The Theatrical Roles of Athens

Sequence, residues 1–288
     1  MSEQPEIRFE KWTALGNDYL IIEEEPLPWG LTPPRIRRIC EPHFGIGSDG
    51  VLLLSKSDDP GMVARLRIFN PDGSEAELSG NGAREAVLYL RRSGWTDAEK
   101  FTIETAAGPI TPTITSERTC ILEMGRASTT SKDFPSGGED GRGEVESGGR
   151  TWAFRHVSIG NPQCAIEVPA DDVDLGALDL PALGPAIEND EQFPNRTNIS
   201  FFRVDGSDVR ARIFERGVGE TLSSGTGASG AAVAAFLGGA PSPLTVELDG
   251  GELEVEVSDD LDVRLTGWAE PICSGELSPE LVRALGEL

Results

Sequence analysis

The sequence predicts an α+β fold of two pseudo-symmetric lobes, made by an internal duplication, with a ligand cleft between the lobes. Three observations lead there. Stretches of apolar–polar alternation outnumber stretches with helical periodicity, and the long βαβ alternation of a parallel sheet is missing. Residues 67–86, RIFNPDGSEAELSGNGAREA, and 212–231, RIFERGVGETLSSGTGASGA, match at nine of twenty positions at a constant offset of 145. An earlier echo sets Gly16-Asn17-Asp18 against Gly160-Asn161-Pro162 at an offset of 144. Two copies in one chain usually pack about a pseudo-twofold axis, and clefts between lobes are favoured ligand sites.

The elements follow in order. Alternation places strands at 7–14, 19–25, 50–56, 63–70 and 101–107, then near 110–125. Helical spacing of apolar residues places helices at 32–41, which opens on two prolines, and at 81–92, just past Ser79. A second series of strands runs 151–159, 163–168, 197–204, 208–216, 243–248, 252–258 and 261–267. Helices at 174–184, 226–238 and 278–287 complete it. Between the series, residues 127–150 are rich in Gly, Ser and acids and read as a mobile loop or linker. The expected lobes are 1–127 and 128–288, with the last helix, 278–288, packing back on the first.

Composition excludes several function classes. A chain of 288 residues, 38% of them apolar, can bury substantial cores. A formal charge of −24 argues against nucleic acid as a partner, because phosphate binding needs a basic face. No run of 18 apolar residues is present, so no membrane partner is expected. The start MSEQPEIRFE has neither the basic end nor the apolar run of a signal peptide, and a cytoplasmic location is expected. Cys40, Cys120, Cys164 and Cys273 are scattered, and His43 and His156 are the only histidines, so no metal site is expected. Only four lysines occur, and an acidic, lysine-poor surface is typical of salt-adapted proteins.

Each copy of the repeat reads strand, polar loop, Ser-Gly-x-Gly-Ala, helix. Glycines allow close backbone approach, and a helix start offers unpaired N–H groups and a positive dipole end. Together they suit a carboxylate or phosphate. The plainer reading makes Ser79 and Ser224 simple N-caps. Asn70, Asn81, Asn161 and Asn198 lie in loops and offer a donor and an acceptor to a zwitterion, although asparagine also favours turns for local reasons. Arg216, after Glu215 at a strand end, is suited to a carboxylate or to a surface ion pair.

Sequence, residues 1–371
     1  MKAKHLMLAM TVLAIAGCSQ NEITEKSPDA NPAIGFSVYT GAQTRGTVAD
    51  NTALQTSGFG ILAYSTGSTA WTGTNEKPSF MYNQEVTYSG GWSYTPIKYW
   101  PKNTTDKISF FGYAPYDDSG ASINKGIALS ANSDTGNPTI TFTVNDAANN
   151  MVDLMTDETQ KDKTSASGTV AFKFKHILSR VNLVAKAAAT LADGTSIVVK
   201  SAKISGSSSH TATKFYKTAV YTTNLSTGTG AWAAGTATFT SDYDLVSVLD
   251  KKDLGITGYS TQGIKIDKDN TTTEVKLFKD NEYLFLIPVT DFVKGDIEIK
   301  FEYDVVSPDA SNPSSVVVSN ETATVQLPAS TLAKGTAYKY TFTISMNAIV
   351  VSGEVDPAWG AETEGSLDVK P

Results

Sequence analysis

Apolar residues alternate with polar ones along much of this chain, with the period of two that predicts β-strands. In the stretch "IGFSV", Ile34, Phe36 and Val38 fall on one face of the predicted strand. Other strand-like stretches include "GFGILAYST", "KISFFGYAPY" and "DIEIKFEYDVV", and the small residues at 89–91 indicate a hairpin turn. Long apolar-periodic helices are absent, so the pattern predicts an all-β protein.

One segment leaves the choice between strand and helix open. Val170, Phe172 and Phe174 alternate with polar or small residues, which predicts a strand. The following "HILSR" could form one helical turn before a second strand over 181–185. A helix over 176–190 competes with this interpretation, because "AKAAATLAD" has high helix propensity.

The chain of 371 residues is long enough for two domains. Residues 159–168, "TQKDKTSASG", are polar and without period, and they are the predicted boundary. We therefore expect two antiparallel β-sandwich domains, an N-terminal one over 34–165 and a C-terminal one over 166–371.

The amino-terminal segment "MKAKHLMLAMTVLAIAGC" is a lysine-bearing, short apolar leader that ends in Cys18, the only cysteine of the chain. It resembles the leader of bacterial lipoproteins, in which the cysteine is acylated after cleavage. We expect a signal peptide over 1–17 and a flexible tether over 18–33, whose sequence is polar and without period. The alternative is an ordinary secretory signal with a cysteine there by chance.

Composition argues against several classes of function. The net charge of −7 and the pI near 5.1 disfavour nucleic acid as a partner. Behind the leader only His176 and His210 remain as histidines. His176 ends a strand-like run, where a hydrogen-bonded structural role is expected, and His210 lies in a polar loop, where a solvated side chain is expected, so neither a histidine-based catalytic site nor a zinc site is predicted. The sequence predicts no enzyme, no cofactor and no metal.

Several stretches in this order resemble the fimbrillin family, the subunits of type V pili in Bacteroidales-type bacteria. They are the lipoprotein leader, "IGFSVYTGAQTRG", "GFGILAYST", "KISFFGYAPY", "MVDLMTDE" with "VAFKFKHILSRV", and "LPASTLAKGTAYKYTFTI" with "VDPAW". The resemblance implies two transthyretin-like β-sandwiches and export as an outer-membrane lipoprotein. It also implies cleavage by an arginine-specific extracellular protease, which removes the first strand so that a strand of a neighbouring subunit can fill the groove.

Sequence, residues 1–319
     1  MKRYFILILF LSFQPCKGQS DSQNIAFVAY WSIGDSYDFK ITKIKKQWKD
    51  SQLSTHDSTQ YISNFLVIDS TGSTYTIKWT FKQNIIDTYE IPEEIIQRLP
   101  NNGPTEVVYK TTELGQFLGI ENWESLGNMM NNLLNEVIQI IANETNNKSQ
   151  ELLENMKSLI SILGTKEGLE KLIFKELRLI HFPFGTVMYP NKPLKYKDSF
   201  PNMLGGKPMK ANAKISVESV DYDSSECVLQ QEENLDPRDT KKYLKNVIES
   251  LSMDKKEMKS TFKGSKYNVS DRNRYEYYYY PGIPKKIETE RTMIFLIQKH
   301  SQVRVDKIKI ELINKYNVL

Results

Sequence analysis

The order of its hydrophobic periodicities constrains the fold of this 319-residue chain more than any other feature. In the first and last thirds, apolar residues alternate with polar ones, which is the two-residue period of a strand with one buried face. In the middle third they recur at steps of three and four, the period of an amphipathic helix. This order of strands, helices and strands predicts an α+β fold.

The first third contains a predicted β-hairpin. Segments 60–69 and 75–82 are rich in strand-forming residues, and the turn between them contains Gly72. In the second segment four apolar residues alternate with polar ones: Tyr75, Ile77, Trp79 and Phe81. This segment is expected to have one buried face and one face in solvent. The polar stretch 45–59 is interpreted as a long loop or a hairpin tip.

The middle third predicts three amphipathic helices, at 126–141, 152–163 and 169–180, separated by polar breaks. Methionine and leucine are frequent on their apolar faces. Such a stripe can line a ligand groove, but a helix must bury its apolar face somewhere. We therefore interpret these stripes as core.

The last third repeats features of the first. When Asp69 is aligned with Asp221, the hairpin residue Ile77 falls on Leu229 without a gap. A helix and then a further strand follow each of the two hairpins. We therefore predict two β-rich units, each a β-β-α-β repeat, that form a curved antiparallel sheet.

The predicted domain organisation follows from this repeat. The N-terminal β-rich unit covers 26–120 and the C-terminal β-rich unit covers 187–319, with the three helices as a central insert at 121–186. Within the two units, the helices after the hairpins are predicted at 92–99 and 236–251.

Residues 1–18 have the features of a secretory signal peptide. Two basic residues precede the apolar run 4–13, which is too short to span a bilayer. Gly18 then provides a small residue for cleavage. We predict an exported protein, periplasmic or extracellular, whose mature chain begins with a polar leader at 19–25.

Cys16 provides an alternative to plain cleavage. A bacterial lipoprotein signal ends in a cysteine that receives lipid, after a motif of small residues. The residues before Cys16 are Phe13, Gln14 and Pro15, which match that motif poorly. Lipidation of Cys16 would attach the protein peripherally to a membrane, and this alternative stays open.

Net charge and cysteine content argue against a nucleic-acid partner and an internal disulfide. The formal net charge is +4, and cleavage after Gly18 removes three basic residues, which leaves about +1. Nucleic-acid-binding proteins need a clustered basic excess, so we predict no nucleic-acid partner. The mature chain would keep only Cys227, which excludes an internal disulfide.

This chapter addresses the concept of the dramatic role in classical Greece from a series of perspectives: the author's, the actor's, the audience's, and that of the wider society beyond the immediate performance context. It argues that although there was no equivalent of the term ‘role’ in ancient Greek, in this absence lies a clue to the extraordinary strength of the conflation of the actor with his represented character at the time of performance, and to the deep cultural penetration of such important stage roles as Clytemnestra, Oedipus, or Pasiphae.
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